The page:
Michael Sam: First a Football Player

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Posted: February 12, 2014, 2:40 p.m.
by Shannon Auvil.

On Feb. 9, 2014, University of Missouri defensive lineman Michael Sam revealed that he is gay via a breaking article in The New York Times. Sam was named Defensive Player of the Year in the Southeastern Conference and helped the Mizzou Tigers to a 12-2 record and the SEC Championship this past season. He is expected to be picked in the later rounds of the NFL draft.

If drafted, Sam will be the first openly gay player in the NFL.

Sam’s announcement was orchestrated by Howard Bragman, founder and chairman of Fifteen Minutes, a media and public relations company based in Los Angeles. Bragman has a history of assisting other athletes, such as Esera Tuaolo, Sheryl Swoopes and John Amaechi, manage the media attention that follows coming out.

Sam came out to his teammates and the Mizzou coaching staff in August 2013. While support was plenty from the Mizzou community, Sam didn’t want anyone telling his story before he got the chance to do it himself.

Sam’s agent Joe Barkett hired Bragman to run the show, and Bragman brought NYT and ESPN into the mix. These were selected strategically — ESPN is the biggest name in sports media, and NYT journalist John Branch had written articles on gay athletes before, so Bragman knew to trust him.

Sam’s announcement was structured as a one-time event and aimed to present Sam as primarily a talented football player, not a gay rights advocate. At the weekly Mizzou press conference on Feb. 10, Sam was not present to speak to the massive reporter onslaught that came clamoring for a quote. The strategic message is obvious: Sam is an athlete, not a soundbite celebrity.

Bragman originally planned for the revelation to follow the NFL combine, but NFL scouts were sniffing around and asking questions about Sam’s sexual orientation. Media outlets threatened to break the story. It was time to go, before someone broke the story and Sam lost the opportunity to come out on his own terms.

Bragman, Barkett and, ultimately, Sam displayed impeccable message control. Although Sam’s situation is not equivalent to Beyoncé’s surprise album dropped in December, the element of message management is similar to it. Few knew it was coming, and when it did, it was executed expertly.

Breaking stealth news is not easy. It requires secrecy, a trusted team and the strategic use of carefully selected media partners. Most of all, it requires flexibility and sensitivity to the situation itself and to changing circumstances like nosy NFL scouts.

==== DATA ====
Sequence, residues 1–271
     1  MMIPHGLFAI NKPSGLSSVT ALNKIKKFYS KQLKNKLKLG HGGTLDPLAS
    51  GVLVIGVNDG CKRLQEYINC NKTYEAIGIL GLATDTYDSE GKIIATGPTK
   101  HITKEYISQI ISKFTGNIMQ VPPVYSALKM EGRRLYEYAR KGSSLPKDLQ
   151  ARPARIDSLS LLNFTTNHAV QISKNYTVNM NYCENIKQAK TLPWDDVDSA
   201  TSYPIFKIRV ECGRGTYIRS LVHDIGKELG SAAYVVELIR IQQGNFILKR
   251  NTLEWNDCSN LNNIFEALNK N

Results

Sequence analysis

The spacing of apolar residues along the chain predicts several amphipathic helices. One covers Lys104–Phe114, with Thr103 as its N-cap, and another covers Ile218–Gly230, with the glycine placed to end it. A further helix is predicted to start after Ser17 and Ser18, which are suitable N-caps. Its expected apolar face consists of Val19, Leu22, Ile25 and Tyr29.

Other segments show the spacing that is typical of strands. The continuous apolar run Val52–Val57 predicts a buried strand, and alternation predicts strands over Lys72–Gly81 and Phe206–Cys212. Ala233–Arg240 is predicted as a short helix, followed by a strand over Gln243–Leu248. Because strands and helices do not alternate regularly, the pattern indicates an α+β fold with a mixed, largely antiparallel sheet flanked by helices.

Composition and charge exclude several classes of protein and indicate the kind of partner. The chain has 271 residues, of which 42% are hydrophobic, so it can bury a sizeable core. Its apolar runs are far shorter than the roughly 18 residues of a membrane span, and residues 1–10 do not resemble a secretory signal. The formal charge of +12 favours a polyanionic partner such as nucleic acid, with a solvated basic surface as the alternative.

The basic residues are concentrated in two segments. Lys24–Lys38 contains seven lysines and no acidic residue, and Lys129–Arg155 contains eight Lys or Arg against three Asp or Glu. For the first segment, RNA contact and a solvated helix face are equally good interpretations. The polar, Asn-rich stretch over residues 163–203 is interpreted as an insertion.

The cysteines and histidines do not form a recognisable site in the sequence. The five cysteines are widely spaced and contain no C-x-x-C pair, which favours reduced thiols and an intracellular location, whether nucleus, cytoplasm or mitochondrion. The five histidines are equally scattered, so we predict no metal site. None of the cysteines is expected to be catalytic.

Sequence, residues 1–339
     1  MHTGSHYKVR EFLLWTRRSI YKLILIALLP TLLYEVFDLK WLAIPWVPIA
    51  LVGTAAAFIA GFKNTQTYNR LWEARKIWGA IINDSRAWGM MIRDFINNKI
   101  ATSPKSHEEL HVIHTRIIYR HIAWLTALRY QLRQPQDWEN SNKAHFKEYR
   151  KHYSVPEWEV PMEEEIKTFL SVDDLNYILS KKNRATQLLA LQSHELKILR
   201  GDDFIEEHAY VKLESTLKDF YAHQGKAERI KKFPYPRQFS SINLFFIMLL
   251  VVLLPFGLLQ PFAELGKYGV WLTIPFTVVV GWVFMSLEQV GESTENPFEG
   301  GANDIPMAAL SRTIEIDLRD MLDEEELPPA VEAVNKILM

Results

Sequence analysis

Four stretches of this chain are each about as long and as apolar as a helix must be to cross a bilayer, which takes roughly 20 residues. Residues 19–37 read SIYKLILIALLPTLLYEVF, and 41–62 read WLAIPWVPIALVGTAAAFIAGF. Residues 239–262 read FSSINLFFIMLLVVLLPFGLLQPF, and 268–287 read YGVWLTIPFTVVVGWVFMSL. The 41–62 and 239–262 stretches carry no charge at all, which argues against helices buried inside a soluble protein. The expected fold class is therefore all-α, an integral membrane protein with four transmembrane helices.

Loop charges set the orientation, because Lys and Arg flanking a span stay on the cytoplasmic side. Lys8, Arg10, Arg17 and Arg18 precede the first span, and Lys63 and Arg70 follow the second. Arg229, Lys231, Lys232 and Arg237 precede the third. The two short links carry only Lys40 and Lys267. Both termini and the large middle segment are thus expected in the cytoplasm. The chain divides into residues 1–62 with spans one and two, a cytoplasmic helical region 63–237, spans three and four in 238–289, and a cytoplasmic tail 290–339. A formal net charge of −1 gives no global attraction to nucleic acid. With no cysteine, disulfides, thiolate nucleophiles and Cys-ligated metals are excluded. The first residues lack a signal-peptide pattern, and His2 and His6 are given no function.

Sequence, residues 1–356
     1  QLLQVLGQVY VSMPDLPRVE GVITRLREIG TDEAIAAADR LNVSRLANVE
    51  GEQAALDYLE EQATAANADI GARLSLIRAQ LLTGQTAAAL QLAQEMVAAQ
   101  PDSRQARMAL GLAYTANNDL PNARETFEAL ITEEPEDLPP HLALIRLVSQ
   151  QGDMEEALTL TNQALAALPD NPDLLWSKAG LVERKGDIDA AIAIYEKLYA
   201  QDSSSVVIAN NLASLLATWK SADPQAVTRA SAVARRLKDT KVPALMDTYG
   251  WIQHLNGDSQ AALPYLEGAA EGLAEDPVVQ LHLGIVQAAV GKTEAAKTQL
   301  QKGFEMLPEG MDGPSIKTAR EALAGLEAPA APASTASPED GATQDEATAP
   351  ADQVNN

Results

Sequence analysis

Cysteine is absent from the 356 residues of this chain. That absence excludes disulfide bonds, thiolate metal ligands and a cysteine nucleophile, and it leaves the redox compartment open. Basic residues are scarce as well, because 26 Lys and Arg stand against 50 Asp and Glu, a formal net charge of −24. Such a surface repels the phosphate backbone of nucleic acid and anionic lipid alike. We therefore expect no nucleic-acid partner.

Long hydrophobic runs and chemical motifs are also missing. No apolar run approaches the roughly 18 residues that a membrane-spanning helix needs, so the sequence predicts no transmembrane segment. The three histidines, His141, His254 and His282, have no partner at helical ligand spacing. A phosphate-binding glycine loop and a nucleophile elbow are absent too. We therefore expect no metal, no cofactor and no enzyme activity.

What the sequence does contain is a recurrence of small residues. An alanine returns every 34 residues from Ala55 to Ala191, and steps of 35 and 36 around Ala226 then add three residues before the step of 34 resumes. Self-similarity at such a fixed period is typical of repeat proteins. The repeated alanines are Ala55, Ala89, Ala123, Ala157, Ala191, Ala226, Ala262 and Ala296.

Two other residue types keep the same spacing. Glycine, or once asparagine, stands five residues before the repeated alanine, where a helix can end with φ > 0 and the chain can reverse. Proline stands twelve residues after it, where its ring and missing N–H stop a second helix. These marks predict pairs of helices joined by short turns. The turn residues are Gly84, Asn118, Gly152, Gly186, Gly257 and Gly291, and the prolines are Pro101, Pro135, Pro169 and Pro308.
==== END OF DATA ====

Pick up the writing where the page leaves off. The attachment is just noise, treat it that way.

It is impressive that the Mizzou administration knew that Sam is gay, along with teammates and fellow students, and their knowledge proved inconsequential. Sports media and recruiters had their suspicions. Yet, Sam had the support and design needed to break his own story. Nobody got the scoop or the leak — Sam was, and is, in control of his story.

Sam cannot control his draft stock, however. Some detractors claim his rank in the draft will fall due to the news, and teams will lose interest in a player who has a media circus following him. They think his sexual orientation will be a distraction — unlike the convicted felons who have peppered the league and assimilated without panicked rhetoric. Teams have survived potential “distractions” — the San Diego Chargers drafted Manti Te’o after his humiliating fake girlfriend scandal, and as it turned out, Te’o brought almost no media baggage to San Diego.

Good luck to Sam. Being seen first as a football player and not a gay football player will be a tough challenge, but he deserves to be judged on his talent and personal courage, not his personal life. It will be interesting to see how far Sam goes and how his media strategy changes as his NFL future does.

3 Comments

  1. Christina Steward

    Great blog! Very well written! Mrs. Sims must be proud!

    Reply

  2. Kyle Borland

    Unfortunately, it’s impossible for Sam to be anything other than the “first gay football player.” Jackie Robinson was amazing but he’ll always be the “first black baseball player.” It’s just a cross Sam will have to bear but the PR team did one hell of a job.

    Great blog!

    Reply

  3. Heather Whiteside

    This piece has a lot of great reasons as to why it is so important to spend money on PR! I believe it was very smart on both Sam and his agent’s part to employ public relations to produce and manage how he would reveal his story. If Sam would have kept quiet about his sexual orientation and come out on his own to the public without professional guidance, the public might have interpreted the news differently. The reactions would have been different because of the careful timing of the story’s release. If the story had come out in the middle of football season, there would be more media attention on his personal life, rather than Missouri as a team and their performance. I think having the media and public relations company execute a strategic plan for Sam with exactly what to say, and partnering with NYT reporter and ESPN, was a crucial element as to how the public’s reception was more positive than negative. The association of Sam with ESPN was a benefit to connect him with a well-known name in sports. The journalist from NYT was picked because Bragman knew the article about Sam would be perfectly written and respectable. Really researching outside sources for your client, like using NYT and ESPN, is so important when finding the best way to represent your client’s image by utilizing others to help you. The next step I would say to take for Bragman and Sam, is to continue to respond with honesty while the backlash and debate over him being a draft pick goes on. A nice new campaign could come from this in advocating for gay athletes that Sam could be the face of perhaps?
    Thanks for the great read!

    Reply

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